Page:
The Dorsal Stream and the Visual Horizon
Madary (Michael)
Source: Phenomenology and the Cognitive Sciences 10 (2011) 423-438
Paper - Abstract

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Author’s Abstract

  1. Today many philosophers of mind accept that the two cortical streams of visual processing in humans can be distinguished in terms of conscious experience.
    1. The ventral stream is thought to produce representations that may become conscious, and
    2. the dorsal stream is thought to handle unconscious vision for action.
  2. Despite a vast literature on the topic of the two streams, there is currently no account of the way in which the relevant empirical evidence could fit with basic Husserlian phenomenology of vision.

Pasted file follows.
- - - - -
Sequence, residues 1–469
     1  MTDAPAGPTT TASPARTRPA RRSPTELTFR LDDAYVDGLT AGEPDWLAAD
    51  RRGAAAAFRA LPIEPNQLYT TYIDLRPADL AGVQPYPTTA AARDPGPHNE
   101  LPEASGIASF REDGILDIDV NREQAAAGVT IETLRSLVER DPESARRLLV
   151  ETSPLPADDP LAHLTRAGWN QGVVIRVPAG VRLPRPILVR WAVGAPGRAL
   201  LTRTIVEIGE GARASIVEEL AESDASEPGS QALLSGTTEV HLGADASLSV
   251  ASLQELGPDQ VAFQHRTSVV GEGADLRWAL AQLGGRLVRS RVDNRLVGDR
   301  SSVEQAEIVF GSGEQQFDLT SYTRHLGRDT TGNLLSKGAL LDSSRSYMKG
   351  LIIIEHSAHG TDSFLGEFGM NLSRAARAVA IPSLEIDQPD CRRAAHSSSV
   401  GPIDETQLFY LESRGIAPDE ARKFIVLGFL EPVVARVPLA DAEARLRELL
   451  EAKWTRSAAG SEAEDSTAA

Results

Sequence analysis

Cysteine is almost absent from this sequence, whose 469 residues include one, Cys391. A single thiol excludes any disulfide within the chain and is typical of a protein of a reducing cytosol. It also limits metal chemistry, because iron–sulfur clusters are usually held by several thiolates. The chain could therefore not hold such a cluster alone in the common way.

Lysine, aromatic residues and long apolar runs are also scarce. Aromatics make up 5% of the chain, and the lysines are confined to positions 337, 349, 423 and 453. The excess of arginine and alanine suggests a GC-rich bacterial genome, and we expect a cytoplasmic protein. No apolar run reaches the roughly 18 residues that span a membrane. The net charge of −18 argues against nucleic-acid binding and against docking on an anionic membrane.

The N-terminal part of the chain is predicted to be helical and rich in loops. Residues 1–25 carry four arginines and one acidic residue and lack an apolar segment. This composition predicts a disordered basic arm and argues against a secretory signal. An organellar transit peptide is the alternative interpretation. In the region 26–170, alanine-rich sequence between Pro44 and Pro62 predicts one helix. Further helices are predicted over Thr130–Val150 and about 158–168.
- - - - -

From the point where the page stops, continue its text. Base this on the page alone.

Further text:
3. Here I offer such an account. In this article I show how the empirical evidence ought to be understood in a way that is informed by phenomenology. The differences in the two streams are better described as differences in spatial and temporal processing.
  4. Rather than simply 'unconscious,' the dorsal stream can be better described as making a special contribution to what Husserl identified as the visual horizon.

Comment:

For the full text of the penultimate draft, see Madary - The Dorsal Stream and the Visual Horizon.

Text Colour Conventions (see disclaimer)

  1. Blue: Text by me; © Theo Todman, 2019
  2. Mauve: Text by correspondent(s) or other author(s); © the author(s)



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